Materials of the best quality should be used for cakes. Pastry flour and the finest granulated sugar are necessary ingredients.
In determining the kind of fat to use in a cake, one should consider all of the ingredients in a recipe, and then decide which one will give the most pronounced flavor to the combined materials. If a cake contains so much fat that the fat will be one of the predominating flavoring ingredients, table butter should be used alone or combined with some bland fat. When but little fat is used in Plain Cake, there is little difference in the flavor of cake made with butter or substitutes. Oleomargarine, tried-out chicken fat, suet, lard, or vegetable fat may be used for spice cakes or other highly flavored cakes. Cake is one of the foods whose ingredients require the greatest accuracy and care in measuring. When a cake contains much fat, the latter can usually be more easily and accurately weighed than measured.
Since cakes contain much more fat and sugar than muffins, a different method of mixing the fat with the other ingredients of the cake has been used quite generally. The fat and sugar have usually been blended by creaming them.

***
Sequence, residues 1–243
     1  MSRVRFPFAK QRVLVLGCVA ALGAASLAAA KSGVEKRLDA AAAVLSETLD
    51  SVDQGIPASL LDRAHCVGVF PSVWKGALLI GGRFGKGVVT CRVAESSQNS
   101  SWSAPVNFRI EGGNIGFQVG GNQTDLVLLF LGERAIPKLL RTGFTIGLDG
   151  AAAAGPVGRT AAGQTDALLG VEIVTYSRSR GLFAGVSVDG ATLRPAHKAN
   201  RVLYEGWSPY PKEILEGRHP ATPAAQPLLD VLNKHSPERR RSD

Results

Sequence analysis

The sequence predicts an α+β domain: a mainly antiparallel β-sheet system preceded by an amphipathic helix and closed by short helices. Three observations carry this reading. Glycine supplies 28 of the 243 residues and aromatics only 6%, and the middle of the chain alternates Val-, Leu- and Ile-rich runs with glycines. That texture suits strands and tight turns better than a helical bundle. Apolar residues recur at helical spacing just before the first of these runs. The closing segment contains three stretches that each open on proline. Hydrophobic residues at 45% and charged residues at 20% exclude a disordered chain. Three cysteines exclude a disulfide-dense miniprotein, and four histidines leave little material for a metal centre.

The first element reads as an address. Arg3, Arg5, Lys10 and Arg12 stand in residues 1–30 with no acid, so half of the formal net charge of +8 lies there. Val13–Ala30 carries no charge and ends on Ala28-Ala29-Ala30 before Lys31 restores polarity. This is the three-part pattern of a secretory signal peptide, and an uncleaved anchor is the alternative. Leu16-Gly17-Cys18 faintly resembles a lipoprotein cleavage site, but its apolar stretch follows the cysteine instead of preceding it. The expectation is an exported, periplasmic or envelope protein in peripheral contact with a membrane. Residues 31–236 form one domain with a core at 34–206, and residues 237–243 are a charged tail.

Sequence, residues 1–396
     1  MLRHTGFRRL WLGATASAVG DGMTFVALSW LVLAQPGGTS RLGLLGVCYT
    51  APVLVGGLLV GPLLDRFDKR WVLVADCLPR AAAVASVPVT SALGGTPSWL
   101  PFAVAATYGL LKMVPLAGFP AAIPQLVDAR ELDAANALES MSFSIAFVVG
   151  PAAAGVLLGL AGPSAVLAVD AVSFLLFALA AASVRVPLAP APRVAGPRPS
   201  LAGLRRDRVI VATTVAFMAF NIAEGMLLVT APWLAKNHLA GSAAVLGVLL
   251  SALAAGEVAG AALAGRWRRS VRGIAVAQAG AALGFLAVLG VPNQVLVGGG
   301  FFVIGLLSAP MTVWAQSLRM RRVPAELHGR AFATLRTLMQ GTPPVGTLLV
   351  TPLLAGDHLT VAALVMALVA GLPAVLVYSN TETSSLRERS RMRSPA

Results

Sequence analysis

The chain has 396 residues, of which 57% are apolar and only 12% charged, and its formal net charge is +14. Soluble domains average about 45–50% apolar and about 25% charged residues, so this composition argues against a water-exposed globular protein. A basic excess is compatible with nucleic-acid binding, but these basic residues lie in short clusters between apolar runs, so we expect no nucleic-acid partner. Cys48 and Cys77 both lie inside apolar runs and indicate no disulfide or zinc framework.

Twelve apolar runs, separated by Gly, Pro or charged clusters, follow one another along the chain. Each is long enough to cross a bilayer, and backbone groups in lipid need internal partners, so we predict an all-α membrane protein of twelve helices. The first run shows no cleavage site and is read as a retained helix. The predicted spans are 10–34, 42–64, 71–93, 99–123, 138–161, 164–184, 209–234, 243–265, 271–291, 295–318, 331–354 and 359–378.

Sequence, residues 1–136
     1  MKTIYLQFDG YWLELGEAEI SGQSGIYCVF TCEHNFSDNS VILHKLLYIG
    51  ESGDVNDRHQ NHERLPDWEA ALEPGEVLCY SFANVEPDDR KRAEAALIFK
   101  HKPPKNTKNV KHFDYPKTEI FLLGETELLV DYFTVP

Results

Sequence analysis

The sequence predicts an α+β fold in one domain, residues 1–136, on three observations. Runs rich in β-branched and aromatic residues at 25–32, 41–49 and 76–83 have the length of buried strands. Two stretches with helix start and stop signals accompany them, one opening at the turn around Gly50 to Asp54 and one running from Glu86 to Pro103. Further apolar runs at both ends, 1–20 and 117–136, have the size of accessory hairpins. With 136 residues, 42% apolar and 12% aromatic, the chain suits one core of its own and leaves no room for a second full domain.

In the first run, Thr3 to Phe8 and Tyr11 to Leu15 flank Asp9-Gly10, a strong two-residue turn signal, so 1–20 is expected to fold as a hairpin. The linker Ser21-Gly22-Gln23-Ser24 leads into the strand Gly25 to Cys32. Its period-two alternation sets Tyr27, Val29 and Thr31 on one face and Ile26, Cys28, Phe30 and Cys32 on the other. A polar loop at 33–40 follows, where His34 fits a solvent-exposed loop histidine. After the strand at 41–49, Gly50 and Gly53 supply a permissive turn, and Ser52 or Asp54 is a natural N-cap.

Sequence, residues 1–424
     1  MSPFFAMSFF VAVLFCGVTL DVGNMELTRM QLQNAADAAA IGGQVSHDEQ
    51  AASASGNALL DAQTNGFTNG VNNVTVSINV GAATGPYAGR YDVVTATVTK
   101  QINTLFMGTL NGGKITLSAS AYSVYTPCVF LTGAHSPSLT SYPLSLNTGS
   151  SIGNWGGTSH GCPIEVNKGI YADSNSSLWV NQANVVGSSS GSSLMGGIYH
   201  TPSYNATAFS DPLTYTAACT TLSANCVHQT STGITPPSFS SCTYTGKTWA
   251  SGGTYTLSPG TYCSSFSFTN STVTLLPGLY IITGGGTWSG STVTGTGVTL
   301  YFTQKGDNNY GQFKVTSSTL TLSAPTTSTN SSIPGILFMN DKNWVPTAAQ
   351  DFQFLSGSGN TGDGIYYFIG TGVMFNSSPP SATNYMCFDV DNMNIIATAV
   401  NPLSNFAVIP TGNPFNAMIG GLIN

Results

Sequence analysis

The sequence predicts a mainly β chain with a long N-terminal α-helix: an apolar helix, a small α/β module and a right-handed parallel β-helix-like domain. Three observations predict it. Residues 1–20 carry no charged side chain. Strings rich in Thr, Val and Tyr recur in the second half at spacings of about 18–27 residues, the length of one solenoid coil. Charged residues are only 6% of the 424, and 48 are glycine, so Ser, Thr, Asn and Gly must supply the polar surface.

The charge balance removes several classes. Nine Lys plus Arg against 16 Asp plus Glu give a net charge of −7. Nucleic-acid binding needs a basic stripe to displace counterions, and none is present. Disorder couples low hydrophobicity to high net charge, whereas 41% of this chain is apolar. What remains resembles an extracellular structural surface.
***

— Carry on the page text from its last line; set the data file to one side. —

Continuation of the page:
However, many experiments in the mixing and baking of cakes have been made. These show that a cake of good quality may be made by following the method of mixing fat in a muffin mixture, i.e. melting the fat and adding it to other ingredients. The following is the method of mixing cake when melted fat is used:
Beat the eggs, add the sugar, liquid, and flavoring. Melt the fat and add it to the other ingredients. Mix the dry ingredients, i.e. the flour, baking powder, and salt. Add these through a sifter to the egg and sugar mixture. Beat from 1 to 2 minutes.
In cake mixing, the yolks and the whites of the eggs are often separated. When this is done, the yolks and sugar are blended, the moisture, flavoring, melted fat, and dry ingredients are added, the mixture beaten, and finally the beaten whites are folded in.
In combining cake ingredients, great care must be taken to mix all ingredients thoroughly. Cakes, except those containing very little moisture and much fat, such as Jumbles or Pound Cake, can be made satisfactorily by adding melted fat. It has been estimated that half as much time is required for mixing a cake in which melted fat is used as one in which the fat is creamed. It has been found that the amount of mixing and the preparation of ingredients in a cake are much more important factors than the manner of combining the ingredients. Too little beating makes a cake of coarse, crumbly mixture. Too much beating makes it compact in texture with "tunnels" through it.
The pans for cakes that contain fat should be well oiled. It is well to line the pans with paper and to oil the paper thoroughly, or to oil the pans well and to sprinkle a little flour over them before adding the cake batter.